SG: It took you four years to start. Was it too long a process? After all, the Higg Index itself is 11 years old. You probably started working on it after the 7th or 8th year.

SG: So, you were provided the dataset by the SAC. Was there any difference from what you saw-from what you understood from the data and what you got to see at the ground level in factories?

DOR: Absolutely. This is one of the great things about being able to look at the data-you always find surprises. I think the SAC was also surprised with some of the data and then there are some things which confirm your hypothesis. When we started the study, we did so with an open and constructive view. There was an article in some web page (after the release of the report) that we had lambasted the SAC or even destroyed it-some internet kind of phrase (chuckles). No, we didn't set out to lambast; we set out to analyse, understand the data, and test it. We got access to millions of pieces data from the thousands of factories. Then, each factory had hundreds of questions and then you go deeper into the data. We were surprised by the number of trends across countries and what seemed to really matter in terms of which factories got better over time. So, we were surprised to see how much brand connections mattered in driving factory-level improvements, in addition to this kind of data system. We thought that the Higg Index would be a standardised system-that it would be applied, and people would measure, and then they will see how things can improve and whether to take them or not. It turns out that it is true, but then you also need a brand to come in and offer either capacity building or incentivised action or put the factory in touch with people who can help them improve. So, a back-and-forth was required on top of the data system that was much more labour-intensive than we expected.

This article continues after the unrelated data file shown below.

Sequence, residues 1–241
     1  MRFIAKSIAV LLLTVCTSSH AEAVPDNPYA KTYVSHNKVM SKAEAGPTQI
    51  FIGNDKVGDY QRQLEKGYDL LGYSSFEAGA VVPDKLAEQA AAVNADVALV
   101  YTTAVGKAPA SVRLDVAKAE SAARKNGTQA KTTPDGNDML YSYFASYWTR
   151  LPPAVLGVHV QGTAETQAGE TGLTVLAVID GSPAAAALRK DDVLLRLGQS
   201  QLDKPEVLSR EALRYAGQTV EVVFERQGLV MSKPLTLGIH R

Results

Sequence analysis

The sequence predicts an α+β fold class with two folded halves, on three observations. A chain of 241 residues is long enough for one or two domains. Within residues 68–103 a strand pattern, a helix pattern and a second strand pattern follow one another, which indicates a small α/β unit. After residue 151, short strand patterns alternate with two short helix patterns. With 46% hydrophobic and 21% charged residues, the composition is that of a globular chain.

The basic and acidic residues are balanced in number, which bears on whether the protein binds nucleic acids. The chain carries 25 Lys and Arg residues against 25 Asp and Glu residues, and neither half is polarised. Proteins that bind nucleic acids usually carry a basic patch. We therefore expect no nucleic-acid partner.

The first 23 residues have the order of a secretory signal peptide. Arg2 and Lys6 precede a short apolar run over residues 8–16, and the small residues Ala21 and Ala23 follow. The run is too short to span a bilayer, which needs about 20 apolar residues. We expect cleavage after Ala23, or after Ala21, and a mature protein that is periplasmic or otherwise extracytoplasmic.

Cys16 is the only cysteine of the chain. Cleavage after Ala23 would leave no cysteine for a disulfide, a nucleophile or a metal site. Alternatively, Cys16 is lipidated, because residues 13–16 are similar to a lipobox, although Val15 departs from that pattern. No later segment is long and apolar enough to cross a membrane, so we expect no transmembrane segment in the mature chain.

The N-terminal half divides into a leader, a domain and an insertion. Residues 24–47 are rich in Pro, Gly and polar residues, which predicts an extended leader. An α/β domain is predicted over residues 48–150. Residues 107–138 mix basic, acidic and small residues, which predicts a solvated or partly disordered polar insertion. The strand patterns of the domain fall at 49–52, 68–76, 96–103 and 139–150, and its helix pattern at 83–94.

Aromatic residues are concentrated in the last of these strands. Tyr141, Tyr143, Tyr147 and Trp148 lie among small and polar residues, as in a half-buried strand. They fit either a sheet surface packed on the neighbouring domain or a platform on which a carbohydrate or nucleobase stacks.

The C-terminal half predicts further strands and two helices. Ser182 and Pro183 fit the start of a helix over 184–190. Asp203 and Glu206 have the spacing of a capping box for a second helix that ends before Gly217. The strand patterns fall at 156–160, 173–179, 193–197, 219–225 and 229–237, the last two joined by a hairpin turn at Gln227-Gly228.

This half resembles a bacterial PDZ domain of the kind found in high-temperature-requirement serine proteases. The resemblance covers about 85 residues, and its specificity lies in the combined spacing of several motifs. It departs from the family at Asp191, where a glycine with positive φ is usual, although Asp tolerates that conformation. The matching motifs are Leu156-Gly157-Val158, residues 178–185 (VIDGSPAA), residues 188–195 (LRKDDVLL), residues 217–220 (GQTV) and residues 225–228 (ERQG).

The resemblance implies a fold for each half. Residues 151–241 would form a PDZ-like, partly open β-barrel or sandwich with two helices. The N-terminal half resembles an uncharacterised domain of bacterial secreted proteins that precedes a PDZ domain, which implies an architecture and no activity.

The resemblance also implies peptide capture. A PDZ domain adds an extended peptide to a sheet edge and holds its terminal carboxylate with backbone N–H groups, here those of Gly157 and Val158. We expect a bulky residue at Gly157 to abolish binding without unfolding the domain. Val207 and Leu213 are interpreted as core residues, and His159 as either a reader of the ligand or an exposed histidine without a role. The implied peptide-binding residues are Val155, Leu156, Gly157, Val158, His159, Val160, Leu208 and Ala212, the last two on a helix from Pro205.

SG: Was there any particular reason why you chose the FEM module to work with?

DOR: Yes, that was the most advanced module at that time and the most widely rolled out. I think there were still draft forms of the materials module and wasn't fully out it yet. And then the brands module which was also not fully out yet. So we started with the module that had gone the furthest.

SG: So, you started work on it in 2015?

DOR: Yes, that's right.
SG: So, you started work on it in 2015?

SG: And since then the SAC has released the FEM version 3.0. Are the changes that have been effected in sync with your findings and recommendations?

DOR: We started looking at FEM 1.0 and then they moved to 2.0-there was a huge improvement from 1.0 to 2.0. We fed some of our early reports- we presented them at conferences and they (the SAC) took up some of those concerns that we saw as problems in FEM 2.0. So, FEM 3.0 is an improvement and has incorporated some of the findings-the ones we pointed out in the report. There is still need for a number of things e.g. it still needs simplification, there are too many attributes being tested, there is need for transparency, getting the information out further than just between the factory and the brand. There is a huge need to build incentives into the system that they still don't have. I think SAC came up with a statement that they are working on (these things). They have made progress on a number of these issues, and they are working towards further progress on transparency and incentive side.